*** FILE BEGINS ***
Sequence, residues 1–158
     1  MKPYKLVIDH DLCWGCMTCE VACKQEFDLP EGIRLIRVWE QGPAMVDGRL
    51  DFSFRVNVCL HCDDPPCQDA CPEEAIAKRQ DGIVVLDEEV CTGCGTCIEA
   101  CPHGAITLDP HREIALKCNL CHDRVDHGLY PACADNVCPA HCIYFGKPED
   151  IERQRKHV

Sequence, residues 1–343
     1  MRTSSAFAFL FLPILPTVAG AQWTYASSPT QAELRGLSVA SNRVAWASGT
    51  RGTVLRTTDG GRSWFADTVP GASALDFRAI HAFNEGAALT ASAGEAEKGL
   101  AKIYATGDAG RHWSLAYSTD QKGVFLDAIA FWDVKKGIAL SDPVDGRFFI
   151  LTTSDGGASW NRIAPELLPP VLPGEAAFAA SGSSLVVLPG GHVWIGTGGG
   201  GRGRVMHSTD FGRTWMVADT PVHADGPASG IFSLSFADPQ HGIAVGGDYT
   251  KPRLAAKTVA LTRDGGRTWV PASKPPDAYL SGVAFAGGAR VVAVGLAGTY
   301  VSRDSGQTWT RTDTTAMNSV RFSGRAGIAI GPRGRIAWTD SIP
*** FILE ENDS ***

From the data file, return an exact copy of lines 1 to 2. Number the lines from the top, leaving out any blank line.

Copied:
Sequence, residues 1–158
     1  MKPYKLVIDH DLCWGCMTCE VACKQEFDLP EGIRLIRVWE QGPAMVDGRL